“He’s got deep relationships because he’s been in the college sports business for 30 years. And he’s a well-liked guy,” said Chris Bevilacqua, whose Bevilacqua Helfant Ventures was hired with Evolution Media Capital to help the Big East negotiate its media rights deal. “These are tough roads to navigate, because you’ve got a large body of constituents and they all have different needs, wants and desires. It takes a real collaborator, and Mike’s really good at that.”
McManus saw Aresco as the right fit for the conference.
“It’s a great opportunity for Mike, one he’ll be terrific at,” he said. “He’s the perfect guy for the job.”
But there are clear challenges that stand in his way, the first coming in the form of the Big East’s media contract. The conference was gutted last year, losing West Virginia to the Big 12 this year, and Syracuse and Pittsburgh to the ACC next year.
The league, left without a seat at the BCS table beginning in 2014 when the new playoff structure kicks in, turned down an offer from ESPN for its media rights last year that would have averaged at least $130 million a year and could have grown to $150 million.
The Big East has a formal negotiating window with ESPN this fall before the deal could go onto the open market, potentially giving Fox and NBC a crack at it.
Getting back to that $130 million to $150 million level financially will stretch Aresco’s bargaining chops, although industry sources like the combination of nice-guy Aresco teaming with bulldog Bevilacqua. The Big East’s losses are considerable, so Aresco and Bevilacqua will have to lean on the conference’s broader footprint with Boise State and San Diego State, and the huge population centers where its schools are located.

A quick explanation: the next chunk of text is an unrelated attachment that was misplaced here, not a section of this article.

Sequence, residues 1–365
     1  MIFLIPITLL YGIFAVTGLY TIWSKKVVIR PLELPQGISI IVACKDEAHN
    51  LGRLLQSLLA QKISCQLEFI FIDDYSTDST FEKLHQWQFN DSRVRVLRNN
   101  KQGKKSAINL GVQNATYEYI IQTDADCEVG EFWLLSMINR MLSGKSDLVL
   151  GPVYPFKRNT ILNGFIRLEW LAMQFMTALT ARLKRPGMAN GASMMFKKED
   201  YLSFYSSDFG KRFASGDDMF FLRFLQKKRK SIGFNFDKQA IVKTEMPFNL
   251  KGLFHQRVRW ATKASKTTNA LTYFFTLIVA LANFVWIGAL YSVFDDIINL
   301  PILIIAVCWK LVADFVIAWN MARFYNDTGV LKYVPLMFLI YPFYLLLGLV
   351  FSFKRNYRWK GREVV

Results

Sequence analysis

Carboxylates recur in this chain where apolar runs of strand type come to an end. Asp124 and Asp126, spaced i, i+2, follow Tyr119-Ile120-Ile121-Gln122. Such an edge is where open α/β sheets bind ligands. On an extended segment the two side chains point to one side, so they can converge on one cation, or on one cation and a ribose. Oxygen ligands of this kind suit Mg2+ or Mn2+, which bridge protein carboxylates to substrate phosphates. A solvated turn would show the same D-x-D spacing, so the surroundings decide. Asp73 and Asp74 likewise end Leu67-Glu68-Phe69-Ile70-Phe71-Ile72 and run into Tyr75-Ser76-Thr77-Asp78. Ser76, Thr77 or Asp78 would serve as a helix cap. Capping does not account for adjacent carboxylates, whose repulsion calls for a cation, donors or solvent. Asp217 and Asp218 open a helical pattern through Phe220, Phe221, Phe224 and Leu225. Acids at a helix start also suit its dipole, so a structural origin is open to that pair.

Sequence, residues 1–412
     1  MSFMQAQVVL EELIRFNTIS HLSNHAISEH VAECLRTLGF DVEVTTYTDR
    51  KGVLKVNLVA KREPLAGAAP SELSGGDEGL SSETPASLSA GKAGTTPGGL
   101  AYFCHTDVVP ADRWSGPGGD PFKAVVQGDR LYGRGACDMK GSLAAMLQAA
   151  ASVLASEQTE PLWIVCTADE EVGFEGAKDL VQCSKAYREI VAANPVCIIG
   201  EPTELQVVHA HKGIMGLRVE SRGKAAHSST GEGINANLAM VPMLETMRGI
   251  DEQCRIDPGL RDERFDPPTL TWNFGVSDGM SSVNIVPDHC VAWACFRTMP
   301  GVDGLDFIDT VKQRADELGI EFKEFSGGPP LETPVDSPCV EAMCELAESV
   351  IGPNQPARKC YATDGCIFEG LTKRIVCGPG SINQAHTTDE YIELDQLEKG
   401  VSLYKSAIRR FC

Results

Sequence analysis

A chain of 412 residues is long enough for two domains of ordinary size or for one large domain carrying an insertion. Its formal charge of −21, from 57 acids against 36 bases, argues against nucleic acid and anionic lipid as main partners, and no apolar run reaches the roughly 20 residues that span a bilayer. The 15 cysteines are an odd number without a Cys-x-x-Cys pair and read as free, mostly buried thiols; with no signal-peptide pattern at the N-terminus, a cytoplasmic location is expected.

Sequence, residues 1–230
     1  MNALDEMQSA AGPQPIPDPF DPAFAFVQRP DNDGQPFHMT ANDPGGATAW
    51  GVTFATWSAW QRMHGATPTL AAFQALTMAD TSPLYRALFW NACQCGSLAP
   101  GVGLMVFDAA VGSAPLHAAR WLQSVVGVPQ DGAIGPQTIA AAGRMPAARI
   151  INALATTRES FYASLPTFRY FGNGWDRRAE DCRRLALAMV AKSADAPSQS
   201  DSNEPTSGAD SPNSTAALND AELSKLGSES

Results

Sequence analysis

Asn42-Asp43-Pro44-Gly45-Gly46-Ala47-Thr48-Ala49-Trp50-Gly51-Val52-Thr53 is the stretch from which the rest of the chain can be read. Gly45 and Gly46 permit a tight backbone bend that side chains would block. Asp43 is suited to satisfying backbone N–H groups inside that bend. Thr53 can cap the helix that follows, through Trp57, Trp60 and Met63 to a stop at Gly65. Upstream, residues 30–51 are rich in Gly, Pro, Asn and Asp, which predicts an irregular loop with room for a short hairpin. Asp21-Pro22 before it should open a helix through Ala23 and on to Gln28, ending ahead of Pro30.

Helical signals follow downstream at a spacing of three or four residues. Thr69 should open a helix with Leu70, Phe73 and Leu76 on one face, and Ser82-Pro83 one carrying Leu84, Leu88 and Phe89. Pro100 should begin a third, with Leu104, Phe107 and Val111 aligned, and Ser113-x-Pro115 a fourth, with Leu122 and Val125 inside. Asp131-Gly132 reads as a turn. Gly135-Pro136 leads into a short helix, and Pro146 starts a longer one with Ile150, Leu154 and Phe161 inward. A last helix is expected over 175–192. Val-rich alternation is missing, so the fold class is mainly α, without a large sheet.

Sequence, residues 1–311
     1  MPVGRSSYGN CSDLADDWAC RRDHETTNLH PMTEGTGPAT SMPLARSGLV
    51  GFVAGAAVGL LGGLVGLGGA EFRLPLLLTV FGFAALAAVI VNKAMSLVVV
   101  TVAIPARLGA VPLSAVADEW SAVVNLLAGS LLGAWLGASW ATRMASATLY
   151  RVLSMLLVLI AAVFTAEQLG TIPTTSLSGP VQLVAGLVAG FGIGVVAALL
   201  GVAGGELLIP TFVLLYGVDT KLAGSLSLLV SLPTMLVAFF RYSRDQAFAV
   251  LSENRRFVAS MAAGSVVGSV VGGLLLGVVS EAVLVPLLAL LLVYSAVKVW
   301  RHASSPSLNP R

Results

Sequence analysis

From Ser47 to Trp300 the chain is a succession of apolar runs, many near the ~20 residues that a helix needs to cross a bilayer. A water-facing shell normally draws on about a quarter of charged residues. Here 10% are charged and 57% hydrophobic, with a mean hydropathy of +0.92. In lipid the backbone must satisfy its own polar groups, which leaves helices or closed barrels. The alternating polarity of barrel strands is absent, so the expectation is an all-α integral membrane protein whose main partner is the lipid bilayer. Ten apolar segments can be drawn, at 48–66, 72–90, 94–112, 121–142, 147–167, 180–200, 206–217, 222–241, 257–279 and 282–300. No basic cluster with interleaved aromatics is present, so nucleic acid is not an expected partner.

While the conference in its announcement positioned Aresco as “instrumental in negotiating” CBS’s deal with Turner and the NCAA, as well as the extension with the SEC, industry sources said McManus clearly is the lead negotiator and dealmaker for the network. Aresco was the chief day-to-day contact for CBS with its college partners, primarily the SEC, NCAA and Navy, which enabled him to develop close ties with many of the key decision-makers, including SEC Commissioner Mike Slive.
In addition, Aresco’s consensus-building talents will be tested. The Big East will stretch from the East Coast to the West Coast in football next year, and there remains the specter of a potential split among the football schools and the basketball schools.
“Certainly, there’s going to be a learning curve associated with the job,” Louisville AD Tom Jurich said. “This is a new business to Mike, but he’s got all the skills you’d look for.
“There’s a big challenge ahead; there’s no way to play that down. The TV negotiations are a big part of that. So is the blending of the schools. But the proof will be in the TV contract.”
As for Aresco, once he finishes responding to the “hundreds of texts and emails” he received, he will focus on the conference’s media issues.
“Job one is the television deal. No question about it,” he said. “We live in the media age. I think they felt I could make a huge contribution there. I plan to.”